Lab Test Glossary I

Imunoglobulin E (IGE): Immunoglobulin E (IGE) is one of the major classes of antibodies that comprise our immune system. IGE antibodies are proteins that are present in the blood and are often involved in allergic reactions. The levels of circulating IgE in serum are low (<0.1%) compared to levels of the other immunoglobulin. Levels at birth are almost non-detectable, but increase with age. Significant elevations in IgE levels may indicate allergic reactions, parasitic infection or immune disorder, and IGE serum assays are useful in monitoring treatment of these disorders. However, low levels of circulating IgE do not necessarily indicate the absence of allergic disease, since certain individuals have low total IGE levels but a high concentration of allergen- specific IGE. Investigators have shown that increased IGE levels in cord blood and infant's serum may predict the early onset of allergic disease.
Immunoglobulin M (IGM): Immunoglobulin M (IGM) is one of the major classes of antibodies that comprise our immune system. IGM antibodies are a class of proteins produced by the immune system early in an immune reaction. IGM levels therefore usually rise in acute infections, particularly viral infections. Substantially elevated serum IGM levels may indicate a variety of blood cell disorders. In adults, IGM accounts for about 10% of the total serum antibodies. IGM deficiency may be due to protein loss, inherited defects, toxins (e.g., drugs or substances retained in renal failure), or secondary to lymphoid malignancies. IGM antibodies tend to predominate in primary viral infections and bloodstream infections (e.g., malaria) and IGM levels are markedly increased in primary biliary cirrhosis.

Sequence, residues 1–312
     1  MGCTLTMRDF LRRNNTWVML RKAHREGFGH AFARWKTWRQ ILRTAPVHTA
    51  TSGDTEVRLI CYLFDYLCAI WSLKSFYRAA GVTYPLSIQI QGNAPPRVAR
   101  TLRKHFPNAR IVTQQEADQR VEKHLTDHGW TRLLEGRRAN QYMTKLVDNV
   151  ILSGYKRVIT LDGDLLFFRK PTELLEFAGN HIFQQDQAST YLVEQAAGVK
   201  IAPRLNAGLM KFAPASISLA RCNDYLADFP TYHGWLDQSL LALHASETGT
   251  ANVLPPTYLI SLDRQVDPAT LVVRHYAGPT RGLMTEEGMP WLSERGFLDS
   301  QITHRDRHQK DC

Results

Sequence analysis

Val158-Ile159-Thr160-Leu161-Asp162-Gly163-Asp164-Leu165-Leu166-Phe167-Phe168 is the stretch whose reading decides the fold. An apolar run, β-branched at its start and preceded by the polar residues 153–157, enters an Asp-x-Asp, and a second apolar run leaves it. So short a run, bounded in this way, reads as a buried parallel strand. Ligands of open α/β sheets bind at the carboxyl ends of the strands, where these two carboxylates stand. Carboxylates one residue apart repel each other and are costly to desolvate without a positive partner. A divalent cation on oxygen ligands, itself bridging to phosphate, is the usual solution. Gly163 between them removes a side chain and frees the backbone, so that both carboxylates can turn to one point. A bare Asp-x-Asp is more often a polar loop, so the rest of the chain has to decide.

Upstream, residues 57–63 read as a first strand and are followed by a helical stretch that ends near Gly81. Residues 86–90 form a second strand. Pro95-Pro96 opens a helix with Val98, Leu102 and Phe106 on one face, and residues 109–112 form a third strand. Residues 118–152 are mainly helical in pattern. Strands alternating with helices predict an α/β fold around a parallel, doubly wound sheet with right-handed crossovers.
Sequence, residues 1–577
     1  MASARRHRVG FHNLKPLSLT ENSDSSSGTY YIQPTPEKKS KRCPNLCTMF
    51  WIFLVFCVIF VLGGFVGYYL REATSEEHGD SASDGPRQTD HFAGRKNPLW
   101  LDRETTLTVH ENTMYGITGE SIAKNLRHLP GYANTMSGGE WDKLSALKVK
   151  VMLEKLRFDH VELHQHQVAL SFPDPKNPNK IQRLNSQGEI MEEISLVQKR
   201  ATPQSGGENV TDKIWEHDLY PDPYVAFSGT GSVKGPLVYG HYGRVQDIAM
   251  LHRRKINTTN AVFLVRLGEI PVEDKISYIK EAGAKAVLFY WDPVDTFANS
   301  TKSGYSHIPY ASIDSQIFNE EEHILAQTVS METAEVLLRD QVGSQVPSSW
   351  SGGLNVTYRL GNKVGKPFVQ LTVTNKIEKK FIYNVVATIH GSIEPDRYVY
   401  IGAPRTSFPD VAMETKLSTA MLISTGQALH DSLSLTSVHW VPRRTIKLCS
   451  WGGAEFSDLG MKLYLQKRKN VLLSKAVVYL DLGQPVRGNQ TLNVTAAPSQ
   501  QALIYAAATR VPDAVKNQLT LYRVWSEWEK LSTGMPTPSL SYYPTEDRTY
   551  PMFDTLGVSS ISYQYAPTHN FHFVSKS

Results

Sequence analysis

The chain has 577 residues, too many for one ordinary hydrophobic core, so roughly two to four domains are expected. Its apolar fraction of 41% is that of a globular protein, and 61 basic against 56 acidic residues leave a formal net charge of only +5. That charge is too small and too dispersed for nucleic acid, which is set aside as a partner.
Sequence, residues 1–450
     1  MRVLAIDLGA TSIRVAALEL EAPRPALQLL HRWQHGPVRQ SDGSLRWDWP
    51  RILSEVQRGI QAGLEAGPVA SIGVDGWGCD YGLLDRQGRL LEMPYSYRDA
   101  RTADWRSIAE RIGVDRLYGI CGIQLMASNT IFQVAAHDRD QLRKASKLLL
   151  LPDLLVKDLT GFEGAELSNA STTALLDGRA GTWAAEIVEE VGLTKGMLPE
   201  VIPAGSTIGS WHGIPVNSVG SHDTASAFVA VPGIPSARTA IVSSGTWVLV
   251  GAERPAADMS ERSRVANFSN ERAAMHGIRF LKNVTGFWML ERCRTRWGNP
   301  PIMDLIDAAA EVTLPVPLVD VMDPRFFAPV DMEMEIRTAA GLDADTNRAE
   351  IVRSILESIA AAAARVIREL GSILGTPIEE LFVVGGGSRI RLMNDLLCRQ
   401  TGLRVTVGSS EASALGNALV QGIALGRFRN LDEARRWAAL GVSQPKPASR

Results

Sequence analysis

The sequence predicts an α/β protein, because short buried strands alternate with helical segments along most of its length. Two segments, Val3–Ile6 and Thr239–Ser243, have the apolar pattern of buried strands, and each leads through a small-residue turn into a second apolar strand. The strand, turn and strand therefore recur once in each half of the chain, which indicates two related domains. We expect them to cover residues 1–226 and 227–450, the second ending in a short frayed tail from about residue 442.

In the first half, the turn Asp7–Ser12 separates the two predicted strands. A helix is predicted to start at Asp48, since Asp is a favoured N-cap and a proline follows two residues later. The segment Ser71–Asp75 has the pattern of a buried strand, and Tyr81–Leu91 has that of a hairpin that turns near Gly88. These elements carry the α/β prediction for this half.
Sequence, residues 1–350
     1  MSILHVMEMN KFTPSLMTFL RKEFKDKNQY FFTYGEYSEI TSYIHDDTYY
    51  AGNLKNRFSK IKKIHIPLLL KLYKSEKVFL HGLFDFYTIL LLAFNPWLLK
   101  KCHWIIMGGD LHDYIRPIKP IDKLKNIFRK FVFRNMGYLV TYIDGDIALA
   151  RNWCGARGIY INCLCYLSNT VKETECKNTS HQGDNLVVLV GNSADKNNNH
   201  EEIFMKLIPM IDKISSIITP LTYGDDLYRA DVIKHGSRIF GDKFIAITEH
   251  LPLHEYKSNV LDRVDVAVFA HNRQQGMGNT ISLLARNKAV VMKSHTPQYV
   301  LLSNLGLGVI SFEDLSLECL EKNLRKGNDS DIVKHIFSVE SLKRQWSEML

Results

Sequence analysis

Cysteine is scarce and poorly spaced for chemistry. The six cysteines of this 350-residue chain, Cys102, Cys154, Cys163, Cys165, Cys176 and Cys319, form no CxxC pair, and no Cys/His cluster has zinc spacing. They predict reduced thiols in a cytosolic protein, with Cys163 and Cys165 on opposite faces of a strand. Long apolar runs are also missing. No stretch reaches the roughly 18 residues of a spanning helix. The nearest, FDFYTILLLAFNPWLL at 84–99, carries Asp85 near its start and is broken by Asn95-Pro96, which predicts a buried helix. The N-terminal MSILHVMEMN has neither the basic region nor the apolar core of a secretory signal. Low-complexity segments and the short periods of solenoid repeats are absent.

Influenza A IGM Antibody: Influenza is a viral disease characterized by fever, muscle aches, headache, sore throat, fatigue, and sometimes cough. Influenza type A is the most common type of virus to cause “the flu”. The presence of antibodies to influenza A indicates recent exposure to or infection with this virus or recent vaccination with influenza A. Levels of these antibodies may be elevated after getting the flu vaccine. Of the three types of influenza viruses, type A is most likely to cause epidemics and pandemics
Influenza A h3n2 IGM Antibody: Influenza is a viral disease characterized by fever, muscle aches, headache, sore throat, fatigue, and sometimes cough. Influenza type A is the most common type of virus to cause “the flu” and H3N2 is a common subtype of this virus. A positive influenza A H3N2 IGM antibody test indicates recent exposure to or recent vaccination with influenza A.
Influenza B IGM Antibody: Influenza is a viral disease characterized by fever, muscle aches, headache, sore throat, fatigue, and sometimes cough. Influenza type A and influenza type B are common viruses that can cause “the flu”. Although both types may cause widespread infection, influenza B infections are often limited to localized outbreaks. The presence of antibodies to influenza B indicates recent exposure to or recent vaccination with influenza B.
Insulin: Insulin is a hormone made by the pancreas that regulates the amount of sugar (glucose) in the blood and allows cells to use this sugar for energy. Diabetes occurs when the body fails to produce enough insulin or when the body’s cells cannot respond to it efficiently. Insulin levels may be monitored in people suspected of having low blood sugar or high insulin levels, the latter being common in certain diseases, including insulin resistance and polycystic ovarian syndrome.
Insulin ig Antibody: Antibodies against the hormone insulin may develop in people receiving insulin injections for the treatment of diabetes. This may make them somewhat resistant to insulin’s effects. In people who have never received insulin injections, antibodies against insulin may indicate an autoimmune condition leading to the destruction of the insulin-producing cells in the pancreas, which can lead to the development of diabetes.